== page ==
A native of Wyoming, Setright earned a BA in international studies from the University of Wyoming and an MA in Latin American and Caribbean history from the Universidad Nacional Autónoma de Nicaragua (UNAN), Managua. She is a doctoral candidate at the University of Zulia, Venezuela, and is currently completing her dissertation on Central American ecofeminism. She was appointed SIT academic dean for Latin America and the Caribbean in September 2016. Prior to this position, she served as academic director for SIT Study Abroad in Nicaragua since 1999. She is a member of the Latin American Studies Association and participates in the Central American Studies Section of LASA as well as in the Central American Historians Association.
4th Annual Creative Black-Tie Gala
hosted by Southern Vermont Young Professionals
Saturday, March 16th, 2019 at The Brattleboro Museum and Art Center (10 Vernon Street, Brattleboro, VT, 05301). 7:30pm-10pm. Admission includes lite food, music, and access to all of the galleries, but bring some cash for the bar and raffle. Tickets for YP Members are $15, and the promotion code is in your membership email! Tickets are $20 for non-members.
We're back for our fourth year of fun and fundraising for the So.VT YP's!
Join the Southern Vermont Young Professionals on March 16th for the Creative Black-Tie Gala, your chance to dust off your funkiest threads to eat, drink, and mingle with the YP community.
Not a member yet? Click through to the Eventbrite page and you'll find a link to join.
The 28th Annual Women's Film Festival
sponsored by the Women’s Freedom Center
Friday, March 22nd, 2019-Saturday, March 30th, 2019 at the New England Youth Theatre (100 Flat Street, Brattleboro, VT, 05301). Times vary with performances.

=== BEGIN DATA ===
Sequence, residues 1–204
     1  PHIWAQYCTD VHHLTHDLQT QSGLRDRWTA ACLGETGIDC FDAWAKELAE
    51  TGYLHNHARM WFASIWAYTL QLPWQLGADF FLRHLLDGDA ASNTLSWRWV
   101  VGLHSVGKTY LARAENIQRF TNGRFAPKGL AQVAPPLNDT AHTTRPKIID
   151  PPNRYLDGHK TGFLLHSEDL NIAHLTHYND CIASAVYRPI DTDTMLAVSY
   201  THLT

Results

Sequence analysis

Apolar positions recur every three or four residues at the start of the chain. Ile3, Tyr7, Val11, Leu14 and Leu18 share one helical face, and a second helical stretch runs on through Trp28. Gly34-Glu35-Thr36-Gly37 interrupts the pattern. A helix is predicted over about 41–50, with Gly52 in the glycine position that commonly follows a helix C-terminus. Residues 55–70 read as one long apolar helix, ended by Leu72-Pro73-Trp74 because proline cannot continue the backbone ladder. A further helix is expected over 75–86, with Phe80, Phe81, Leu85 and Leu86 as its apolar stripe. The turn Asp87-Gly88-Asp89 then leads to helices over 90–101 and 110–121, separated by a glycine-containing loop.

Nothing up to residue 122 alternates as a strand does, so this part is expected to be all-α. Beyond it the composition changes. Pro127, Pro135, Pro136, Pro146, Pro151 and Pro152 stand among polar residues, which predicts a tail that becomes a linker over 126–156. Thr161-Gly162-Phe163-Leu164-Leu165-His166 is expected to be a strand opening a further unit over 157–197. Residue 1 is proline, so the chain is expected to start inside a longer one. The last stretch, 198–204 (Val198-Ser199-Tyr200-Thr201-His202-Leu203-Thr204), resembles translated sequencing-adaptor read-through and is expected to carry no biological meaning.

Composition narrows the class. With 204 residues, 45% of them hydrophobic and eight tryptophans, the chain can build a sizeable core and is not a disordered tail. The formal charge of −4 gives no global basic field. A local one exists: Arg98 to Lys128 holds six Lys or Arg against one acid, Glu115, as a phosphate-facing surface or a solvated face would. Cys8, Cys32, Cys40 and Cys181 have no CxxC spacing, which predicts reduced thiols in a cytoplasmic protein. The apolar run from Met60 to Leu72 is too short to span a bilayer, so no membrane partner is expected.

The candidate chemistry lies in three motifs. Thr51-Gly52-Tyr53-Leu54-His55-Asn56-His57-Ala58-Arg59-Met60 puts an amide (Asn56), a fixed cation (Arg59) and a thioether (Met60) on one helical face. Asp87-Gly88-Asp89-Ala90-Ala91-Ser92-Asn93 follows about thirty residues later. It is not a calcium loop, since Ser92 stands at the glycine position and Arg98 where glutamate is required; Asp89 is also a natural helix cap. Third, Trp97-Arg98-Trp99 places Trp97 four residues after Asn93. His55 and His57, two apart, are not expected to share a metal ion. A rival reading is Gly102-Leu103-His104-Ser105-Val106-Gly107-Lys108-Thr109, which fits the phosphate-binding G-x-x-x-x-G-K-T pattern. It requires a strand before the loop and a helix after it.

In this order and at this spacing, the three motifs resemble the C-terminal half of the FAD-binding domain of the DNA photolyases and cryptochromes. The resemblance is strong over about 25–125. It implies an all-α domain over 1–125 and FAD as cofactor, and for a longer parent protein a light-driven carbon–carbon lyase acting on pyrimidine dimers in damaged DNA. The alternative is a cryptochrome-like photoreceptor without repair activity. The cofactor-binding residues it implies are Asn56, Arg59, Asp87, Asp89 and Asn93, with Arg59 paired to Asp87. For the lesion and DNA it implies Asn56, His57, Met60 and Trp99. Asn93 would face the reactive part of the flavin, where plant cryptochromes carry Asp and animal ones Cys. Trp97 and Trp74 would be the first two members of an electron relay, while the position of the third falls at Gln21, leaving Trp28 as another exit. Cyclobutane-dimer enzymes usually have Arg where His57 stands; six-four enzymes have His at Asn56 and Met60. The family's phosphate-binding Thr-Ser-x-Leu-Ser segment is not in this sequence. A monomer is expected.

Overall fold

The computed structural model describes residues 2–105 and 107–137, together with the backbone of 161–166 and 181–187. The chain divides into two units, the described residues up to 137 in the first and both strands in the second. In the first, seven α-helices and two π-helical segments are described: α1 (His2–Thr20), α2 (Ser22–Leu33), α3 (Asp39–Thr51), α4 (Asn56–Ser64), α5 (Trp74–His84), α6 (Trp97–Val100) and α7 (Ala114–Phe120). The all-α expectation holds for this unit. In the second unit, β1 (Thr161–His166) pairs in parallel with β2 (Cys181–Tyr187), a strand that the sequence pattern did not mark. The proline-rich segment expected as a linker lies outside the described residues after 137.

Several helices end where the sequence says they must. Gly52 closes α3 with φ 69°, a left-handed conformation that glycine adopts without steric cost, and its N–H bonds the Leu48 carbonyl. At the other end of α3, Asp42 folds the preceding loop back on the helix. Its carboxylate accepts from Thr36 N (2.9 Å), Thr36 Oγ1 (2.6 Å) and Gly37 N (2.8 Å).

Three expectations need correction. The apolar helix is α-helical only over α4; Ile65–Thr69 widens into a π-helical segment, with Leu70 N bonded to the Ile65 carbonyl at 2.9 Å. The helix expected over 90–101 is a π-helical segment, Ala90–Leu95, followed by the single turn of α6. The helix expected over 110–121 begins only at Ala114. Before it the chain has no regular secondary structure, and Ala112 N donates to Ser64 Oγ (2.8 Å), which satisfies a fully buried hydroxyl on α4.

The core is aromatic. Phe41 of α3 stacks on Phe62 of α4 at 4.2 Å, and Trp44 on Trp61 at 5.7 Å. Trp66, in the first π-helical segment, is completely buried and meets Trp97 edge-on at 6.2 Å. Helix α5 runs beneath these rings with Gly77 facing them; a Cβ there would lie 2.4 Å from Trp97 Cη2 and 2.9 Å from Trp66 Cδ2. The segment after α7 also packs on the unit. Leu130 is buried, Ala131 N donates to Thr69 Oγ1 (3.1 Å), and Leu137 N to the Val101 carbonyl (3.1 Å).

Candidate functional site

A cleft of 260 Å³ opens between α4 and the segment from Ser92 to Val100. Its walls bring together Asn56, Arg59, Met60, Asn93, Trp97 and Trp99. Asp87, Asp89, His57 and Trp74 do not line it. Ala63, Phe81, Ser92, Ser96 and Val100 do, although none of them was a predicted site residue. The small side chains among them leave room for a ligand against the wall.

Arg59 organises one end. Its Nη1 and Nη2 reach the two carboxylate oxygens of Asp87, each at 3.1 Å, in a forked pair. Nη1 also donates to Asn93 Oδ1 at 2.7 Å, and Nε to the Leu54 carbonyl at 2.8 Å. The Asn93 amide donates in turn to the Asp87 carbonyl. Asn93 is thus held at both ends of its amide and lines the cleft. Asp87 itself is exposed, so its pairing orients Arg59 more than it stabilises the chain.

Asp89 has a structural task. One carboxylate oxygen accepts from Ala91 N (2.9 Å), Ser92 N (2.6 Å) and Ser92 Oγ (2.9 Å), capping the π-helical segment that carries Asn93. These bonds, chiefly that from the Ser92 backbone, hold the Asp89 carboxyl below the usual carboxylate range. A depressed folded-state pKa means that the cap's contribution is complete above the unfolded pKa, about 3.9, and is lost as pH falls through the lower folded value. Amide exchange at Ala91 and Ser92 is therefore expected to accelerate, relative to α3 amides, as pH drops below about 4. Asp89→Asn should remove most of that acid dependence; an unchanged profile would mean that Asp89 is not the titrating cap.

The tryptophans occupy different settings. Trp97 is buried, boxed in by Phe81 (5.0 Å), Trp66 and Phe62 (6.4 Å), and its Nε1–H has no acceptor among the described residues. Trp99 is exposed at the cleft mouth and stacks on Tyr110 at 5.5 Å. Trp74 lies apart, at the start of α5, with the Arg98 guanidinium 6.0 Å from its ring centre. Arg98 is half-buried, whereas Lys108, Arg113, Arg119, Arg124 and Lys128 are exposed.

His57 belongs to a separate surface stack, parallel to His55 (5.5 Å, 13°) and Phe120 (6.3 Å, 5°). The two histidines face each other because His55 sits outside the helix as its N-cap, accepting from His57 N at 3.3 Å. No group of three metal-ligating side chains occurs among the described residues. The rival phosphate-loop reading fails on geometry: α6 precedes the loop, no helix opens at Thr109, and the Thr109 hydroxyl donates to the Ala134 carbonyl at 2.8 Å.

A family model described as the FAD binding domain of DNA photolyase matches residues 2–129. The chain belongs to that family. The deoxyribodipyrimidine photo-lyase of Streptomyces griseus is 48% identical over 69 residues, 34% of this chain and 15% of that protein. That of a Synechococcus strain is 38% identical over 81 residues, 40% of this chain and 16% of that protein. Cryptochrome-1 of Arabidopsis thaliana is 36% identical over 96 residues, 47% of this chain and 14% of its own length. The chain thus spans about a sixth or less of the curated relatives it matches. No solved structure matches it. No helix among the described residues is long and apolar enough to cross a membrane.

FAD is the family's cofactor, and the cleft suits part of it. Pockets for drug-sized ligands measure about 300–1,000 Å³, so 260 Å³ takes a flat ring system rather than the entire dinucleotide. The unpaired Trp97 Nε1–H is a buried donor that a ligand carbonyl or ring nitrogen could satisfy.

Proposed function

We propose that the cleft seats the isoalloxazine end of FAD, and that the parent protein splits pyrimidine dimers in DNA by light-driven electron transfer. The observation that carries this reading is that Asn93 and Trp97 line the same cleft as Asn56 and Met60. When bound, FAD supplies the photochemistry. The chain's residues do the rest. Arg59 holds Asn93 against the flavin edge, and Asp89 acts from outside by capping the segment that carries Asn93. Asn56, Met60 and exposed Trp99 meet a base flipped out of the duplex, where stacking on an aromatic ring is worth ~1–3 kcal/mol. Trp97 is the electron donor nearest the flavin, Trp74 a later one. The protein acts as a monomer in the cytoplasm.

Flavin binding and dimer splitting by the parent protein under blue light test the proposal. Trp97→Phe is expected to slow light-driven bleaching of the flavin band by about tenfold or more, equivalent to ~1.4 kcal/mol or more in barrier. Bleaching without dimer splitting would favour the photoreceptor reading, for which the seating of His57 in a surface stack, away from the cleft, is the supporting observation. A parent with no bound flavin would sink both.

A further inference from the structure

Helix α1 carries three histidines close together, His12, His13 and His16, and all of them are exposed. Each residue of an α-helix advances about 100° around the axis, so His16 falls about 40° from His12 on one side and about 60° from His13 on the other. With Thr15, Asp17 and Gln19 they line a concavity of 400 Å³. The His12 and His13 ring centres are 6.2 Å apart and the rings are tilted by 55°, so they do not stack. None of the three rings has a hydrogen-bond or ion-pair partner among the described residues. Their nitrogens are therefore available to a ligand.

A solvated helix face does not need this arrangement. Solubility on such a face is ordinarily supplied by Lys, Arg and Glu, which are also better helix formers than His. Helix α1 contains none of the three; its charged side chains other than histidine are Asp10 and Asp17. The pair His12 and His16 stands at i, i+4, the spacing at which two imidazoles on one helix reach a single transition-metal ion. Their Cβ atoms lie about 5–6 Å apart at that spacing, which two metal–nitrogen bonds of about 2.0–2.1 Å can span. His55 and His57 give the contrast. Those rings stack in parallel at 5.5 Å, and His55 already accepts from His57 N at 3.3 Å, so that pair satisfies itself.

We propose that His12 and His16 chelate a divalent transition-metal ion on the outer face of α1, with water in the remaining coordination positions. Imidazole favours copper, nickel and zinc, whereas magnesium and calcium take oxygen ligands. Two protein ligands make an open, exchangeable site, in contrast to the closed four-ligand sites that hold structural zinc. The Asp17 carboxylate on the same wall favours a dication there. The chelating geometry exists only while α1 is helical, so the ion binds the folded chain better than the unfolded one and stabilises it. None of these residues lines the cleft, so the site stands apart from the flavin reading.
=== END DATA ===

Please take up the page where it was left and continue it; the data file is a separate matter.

The 28th annual Women’s Film Festival in Brattleboro, VT is a celebration of movies from around the world, and a platform for women to tell their own amazing stories. Over the course of two weekends 35 documentaries, feature films, and shorts will be screened. Something for everyone! With films about the arts, friendship, activism, sports, lesbian/queer lives, motherhood, gender roles, religion, fashion, radium, romance, and so much more.
Film schedule can be found here: http://womensfilmfestival.org/festival-schedule/
Tickets for individual films are $10/generous, $9/general admission, $8/discounted admission. A five-movie pass is available for $40. Passes can be purchased online at: womensfilmfestival.org/tickets , in person at Everyone's Books in Brattleboro, or by calling 802-257-7367 during business hours.
The event raises funds for the vital work of the Women’s Freedom Center, the non-profit domestic and sexual violence organization providing shelter, advocacy and support to southeastern Vermont for over 45 years.
Thanks to these generous sponsors for helping make the Women’s Film Festival possible: Chroma Technology Corp, SIT Graduate Institute, Thompson House, Brattleboro Area Hospice Brattleboro Food Co-op, Brattleboro Memorial Hospital, Tracy J Sloan Cpa, Windham Movement Apparel, Sobo Studio, Vermont Jazz Center, Green Mountain Crossroads, AIDS Project of Southern Vermont, Gallery in the Woods, and more.
ICE/CBP Resistance & Defending Human Rights Training